Last week, Guido revealed five Labour MPs who were clearly guilty of the same rule breaking their party was levelling at Geoffrey Cox – namely using their taxpayer-funded offices for non-parliamentary work. In Cox’s case it was for a second job, in the five MPs’ cases it was for party political phone-banking. Photo evidence was provided. All five have since been quiet about the accusations, so today Guido has sent each of them questions, putting the allegations to them and asking for a response on behalf of both readers and wider taxpayers. We will let co-conspirators know next week what replies we get. In the meantime we are putting our questions in the public domain.
Sections in bold were included in the emails sent to Helen Hayes, Vicky Foxcroft and Kate Green, all of whom campaigned in the ongoing Bexley & Sidcup by-election. Sections in red were also included in the email to Kate Green, as well as Matt Western and Catherine West, who campaigned in the Batley & Spen by-election from their offices. Guido hopes for a response…
On 10 November, 2021, Deputy Labour Leader Angela Rayner wrote to the Parliamentary Standards Commissioner urging an investigation into Geoffrey Cox, accusing him of breaching parliamentary rules by conducting non-parliamentary business from his taxpayer-funded Commons office.
As you will no doubt be aware, on 11 November, 2021 we published articles on order-order.com accusing you of similar rule-breaking activities. In your case, phone banking for the _ by-election from your Commons office. The allegations from the latter were supplemented by screenshots tweeted by your colleague Ellie Reeves – tweets that have been subsequently deleted.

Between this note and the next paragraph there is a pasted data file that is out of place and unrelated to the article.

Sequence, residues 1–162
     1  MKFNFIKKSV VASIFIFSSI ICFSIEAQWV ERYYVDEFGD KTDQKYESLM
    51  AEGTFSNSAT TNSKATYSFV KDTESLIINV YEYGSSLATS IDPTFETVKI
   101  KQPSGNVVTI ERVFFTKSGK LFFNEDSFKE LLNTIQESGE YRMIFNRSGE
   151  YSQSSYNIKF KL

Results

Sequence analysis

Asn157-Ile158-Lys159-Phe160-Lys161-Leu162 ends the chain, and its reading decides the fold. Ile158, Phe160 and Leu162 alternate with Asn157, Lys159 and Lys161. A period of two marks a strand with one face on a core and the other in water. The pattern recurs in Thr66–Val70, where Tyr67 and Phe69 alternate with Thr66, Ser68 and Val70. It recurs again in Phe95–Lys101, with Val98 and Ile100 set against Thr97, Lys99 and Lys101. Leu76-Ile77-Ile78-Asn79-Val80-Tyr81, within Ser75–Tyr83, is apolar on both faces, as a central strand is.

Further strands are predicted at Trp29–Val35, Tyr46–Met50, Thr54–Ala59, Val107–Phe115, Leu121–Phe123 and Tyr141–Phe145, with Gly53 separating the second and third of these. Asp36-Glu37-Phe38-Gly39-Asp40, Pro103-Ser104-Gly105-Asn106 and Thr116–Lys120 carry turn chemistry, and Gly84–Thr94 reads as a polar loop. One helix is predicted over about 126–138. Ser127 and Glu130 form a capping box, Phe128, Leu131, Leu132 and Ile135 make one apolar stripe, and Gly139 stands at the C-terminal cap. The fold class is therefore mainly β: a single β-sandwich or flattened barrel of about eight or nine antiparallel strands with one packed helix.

As the MPs’ Code of Conduct in the Members Handbook makes quite clear:
“It is not acceptable to use parliamentary digital services for activities that could be considered party political campaigning or fundraising, or private business activity, except in those circumstances and for those users where this has been expressly permitted (e.g. as outlined in House of Commons dissolution guidance).”
Our readers, and taxpayers alike, are keen to know whether, as per the above rules, you were one of those expressly permitted to use parliament’s offices and digital services, including the internet connection, to campaign for your party in the by-election.
On 12 November, 2021 we further reported that George Galloway has launched legal proceedings in respect of the result of the Batley & Spen by-election, due to the Labour Party’s failure to declare and apportion appropriate expenses for your use of the offices in the spending returns. Again our readers would appreciate an explanation of why this was not declared in line with electoral law.
We look forward keenly to your response on the above points.